Jamal Yusupov

ONE Championship closed their 2020 campaign with ONE: Collision Course II, a previously recorded event, from Singapore on December 25.

Featherweight Muay Thai contenders Jamal "Kherow" Yusupov and Samy "AK47" Sana headlined the action in a three-round thriller. It was an excellent display of talent and an appropriate way to close the year.

Take a peek at how all of the action went down from ONE: Collision Course II.


Main Event: Jamal Yusupov vs. Samy Sana

Yusupov Winner by Unanimous Decision

Round 3 - 3:00

Yusupov and Sana went toe-to-toe for the full nine minutes, and although Sana had his moments, the Russian was able to score the cleaner strikes throughout and nabbed the decision victory. "Kherow" had the lone knockdown of the contest in the second round on a brilliant combination. Sana performed well, but the #2-ranked featherweight kickboxing contender defended his ranking and made a case for being the next contender.

Kairat Akhmetov vs. Dae Hwan Kim

Akhmetov Winner by Unanimous Decision

In the co-main event, Kairat Akhmetov earned a unanimous nod over Dae Hawn Kim after three rounds of catch weight action. Kim's defense kept him in the contest, but Akhmetov's pressure prevented him from finding offense. Well-timed takedowns made big statements for Akhmetov in each round.

Momotaro vs. Walter Goncalves

Momotaro Winner by TKO

Also in action, Momotaro took home a TKO win against Walter Goncalves, and Senzo Ikeda won the evening's opening bout by unanimous decision by outworking Liang Hui over 15 minutes.

Amir Khan vs. Dae Sung Park

Park Winner by Split Decision

Lightweights Amir Khan and Dae Sung Park went the distance, and although Khan showed himself well, Park edged him out via split decision. The South Korean's signature victory will put him on the next rung in the division as 2021 nears.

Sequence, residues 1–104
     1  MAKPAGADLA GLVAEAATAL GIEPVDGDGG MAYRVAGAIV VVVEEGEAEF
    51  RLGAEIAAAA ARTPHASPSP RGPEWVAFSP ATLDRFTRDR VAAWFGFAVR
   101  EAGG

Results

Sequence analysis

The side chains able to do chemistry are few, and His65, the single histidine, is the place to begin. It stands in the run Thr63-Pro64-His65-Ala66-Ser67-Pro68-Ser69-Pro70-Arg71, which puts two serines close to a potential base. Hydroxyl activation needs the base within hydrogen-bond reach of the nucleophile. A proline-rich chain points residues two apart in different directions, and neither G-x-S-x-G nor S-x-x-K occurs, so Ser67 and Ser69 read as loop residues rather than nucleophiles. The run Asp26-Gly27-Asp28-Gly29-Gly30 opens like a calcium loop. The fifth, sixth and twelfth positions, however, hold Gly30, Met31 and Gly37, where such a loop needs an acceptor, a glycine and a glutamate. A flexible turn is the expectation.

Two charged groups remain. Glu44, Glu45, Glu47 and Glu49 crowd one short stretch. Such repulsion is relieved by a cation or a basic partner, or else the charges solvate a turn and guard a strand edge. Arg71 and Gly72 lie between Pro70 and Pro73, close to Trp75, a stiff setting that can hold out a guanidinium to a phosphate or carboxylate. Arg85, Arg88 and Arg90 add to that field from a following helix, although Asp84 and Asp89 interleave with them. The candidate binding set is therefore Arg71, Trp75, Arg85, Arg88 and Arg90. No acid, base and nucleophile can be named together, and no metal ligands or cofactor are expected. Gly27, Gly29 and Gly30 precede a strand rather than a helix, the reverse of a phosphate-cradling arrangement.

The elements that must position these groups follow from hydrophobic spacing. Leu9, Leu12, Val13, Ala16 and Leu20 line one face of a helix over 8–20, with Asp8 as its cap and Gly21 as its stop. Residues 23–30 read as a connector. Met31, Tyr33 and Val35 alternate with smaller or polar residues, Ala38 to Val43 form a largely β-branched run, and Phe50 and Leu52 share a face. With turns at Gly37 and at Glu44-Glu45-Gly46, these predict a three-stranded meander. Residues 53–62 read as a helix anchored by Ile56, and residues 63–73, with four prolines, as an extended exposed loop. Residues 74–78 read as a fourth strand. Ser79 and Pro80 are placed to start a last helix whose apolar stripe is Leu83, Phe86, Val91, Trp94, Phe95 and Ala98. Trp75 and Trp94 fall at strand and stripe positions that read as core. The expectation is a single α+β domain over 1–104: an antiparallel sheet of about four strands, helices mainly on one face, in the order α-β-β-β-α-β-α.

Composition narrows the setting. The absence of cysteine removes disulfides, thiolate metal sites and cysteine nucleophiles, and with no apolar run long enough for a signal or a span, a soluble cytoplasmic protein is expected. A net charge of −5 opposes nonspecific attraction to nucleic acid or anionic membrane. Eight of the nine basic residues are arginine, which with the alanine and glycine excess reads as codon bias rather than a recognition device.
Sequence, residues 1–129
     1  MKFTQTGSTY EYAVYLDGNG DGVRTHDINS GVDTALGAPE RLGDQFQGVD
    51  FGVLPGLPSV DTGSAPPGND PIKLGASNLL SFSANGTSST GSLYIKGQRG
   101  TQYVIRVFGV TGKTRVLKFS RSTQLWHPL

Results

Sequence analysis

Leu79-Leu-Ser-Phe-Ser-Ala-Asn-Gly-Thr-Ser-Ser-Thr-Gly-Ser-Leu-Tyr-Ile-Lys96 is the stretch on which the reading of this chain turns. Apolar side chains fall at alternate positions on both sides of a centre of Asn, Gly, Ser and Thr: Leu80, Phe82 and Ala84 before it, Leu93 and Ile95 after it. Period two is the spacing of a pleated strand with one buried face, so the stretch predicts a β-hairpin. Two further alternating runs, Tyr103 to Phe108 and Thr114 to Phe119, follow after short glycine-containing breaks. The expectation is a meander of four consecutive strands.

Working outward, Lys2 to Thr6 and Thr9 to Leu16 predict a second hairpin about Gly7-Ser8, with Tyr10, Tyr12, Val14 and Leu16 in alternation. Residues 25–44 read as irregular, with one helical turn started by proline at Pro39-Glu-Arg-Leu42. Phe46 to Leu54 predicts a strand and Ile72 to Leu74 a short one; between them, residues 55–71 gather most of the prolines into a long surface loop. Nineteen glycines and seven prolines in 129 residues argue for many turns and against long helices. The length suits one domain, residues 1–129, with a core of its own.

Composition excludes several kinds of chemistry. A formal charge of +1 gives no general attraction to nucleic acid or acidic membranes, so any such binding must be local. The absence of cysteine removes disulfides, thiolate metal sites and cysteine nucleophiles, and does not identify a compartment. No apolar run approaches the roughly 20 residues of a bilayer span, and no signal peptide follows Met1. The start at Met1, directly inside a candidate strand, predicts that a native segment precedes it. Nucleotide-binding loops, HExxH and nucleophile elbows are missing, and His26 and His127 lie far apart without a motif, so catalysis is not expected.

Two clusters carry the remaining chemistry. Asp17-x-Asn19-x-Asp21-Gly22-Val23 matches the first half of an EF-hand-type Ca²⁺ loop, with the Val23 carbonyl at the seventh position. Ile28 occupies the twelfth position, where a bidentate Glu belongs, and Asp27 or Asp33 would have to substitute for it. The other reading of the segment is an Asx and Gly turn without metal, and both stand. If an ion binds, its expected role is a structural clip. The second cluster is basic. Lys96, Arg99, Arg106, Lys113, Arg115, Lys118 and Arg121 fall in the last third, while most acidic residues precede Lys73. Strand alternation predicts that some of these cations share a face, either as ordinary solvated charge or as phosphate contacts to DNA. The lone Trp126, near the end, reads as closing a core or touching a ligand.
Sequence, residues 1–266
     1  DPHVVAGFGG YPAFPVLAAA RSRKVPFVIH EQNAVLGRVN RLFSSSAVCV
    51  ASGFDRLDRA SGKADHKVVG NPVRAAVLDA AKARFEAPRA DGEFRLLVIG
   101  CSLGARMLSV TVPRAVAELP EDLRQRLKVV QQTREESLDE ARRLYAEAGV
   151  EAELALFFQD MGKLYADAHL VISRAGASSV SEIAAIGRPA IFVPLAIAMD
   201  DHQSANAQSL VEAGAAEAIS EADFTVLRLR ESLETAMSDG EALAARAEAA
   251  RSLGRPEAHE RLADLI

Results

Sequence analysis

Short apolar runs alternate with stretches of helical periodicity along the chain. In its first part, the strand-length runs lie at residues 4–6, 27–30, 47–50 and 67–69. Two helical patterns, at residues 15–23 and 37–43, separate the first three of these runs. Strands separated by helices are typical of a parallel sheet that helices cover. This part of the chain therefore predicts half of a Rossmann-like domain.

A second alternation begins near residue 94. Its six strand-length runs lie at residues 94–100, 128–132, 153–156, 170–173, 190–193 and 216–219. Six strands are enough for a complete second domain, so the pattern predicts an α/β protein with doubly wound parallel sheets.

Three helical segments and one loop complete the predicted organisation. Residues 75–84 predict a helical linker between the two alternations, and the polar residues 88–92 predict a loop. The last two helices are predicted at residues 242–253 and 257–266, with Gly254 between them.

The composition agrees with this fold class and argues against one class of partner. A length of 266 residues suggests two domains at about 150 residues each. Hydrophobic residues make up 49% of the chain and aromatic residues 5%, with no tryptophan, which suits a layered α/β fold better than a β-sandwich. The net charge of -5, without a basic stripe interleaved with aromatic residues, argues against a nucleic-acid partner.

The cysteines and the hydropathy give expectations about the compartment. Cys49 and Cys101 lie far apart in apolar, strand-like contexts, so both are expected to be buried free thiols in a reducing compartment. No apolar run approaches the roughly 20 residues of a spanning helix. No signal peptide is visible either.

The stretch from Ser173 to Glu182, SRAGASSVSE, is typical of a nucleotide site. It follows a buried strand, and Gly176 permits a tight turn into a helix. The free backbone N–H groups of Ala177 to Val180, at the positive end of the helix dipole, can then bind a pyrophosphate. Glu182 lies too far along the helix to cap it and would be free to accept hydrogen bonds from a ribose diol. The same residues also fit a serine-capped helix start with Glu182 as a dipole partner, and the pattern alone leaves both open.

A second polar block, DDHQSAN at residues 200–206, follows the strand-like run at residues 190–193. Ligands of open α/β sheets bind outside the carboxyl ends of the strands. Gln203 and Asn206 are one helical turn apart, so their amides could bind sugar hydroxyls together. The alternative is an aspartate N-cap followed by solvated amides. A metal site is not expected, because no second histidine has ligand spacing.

Raimond Magomedaliev vs. Edson Marques

Magomedaliev Winner by KO

Russian Raimond Magomedaliev had the biggest finish of the night with a first-round KO over Edson Marques. The budding welterweight contender worked his leg kicks early on before walking the Brazilian to the Circle Wall. A huge right hand connected and dropped the previously undefeated welterweight, leaving the Russian standing tall.

Senzo Ikeda vs. Liang Hui

Ikeda Winner by Unanimous Decision









Also in action, Momotaro took home a TKO win against Walter Goncalves, and Senzo Ikeda won the evening's opening bout by unanimous decision by outworking Liang Hui over 15 minutes.

Dr. Craig's Martial Arts Movie Lounge

When The Fast and the Furious (2001) sped into the psyche's of illegal street racing enthusiasts, with a penchant for danger and the psychotic insanity of arrant automotive adventure, the brusque bearish, quasi-hero rebel, Dominic "Dom" Toretto was caustic yet salvationally portrayed with the power of a train using a Vin Diesel engine.

Keep Reading Show less

The skill of stick fighting as a handy weapon dates from the prehistory of mankind. The stick has got an advantage over the stone because it could be used both for striking and throwing. In lots of countries worlwide when dealing with martial arts there is a special place for fighters skillful in stick fighting. ( India, China, Japan, Korea, New Zealand, countries of Africa, Europe and Americas etc).

The short stick as a handy weapon has been used as a means of self-defence from animals and later various attackers. Regarding its length it was better than the long stick, primarily because it was easier to carry and use. The short stick as a means of self-defence was used namely in all countries of the world long time ago.

Keep Reading Show less

The Czech Republic's Lukas Krpalek put himself in the history books Friday when he became only the third judoka to ever win Olympic gold medals in two different weight categories claiming the men's +100 kg division in Tokyo. Krpalek, who won the under 100 kg class at the 2016 Rio Olympics, hit a throw with time running out in the finals against Georgia's Guram Tushishvili and went into a hold down to pin Tushishvili for the full point to earn his second Olympic championship. Meanwhile, two-time defending +100 kg champion Teddy Riner of France, considered by some the greatest judoka in history, was upset in the quarter finals and had to settle for the bronze.

On the women's side, Akira Sone helped Japan break its own record for most judo gold medals in a single Olympics when she claimed her country's ninth gold of the tournament capturing the women's +78 kg division against Cuba's Idalys Ortiz. The win came in somewhat anticlimactic fashion as no throws were landed and Ortiz lost on penalties in overtime.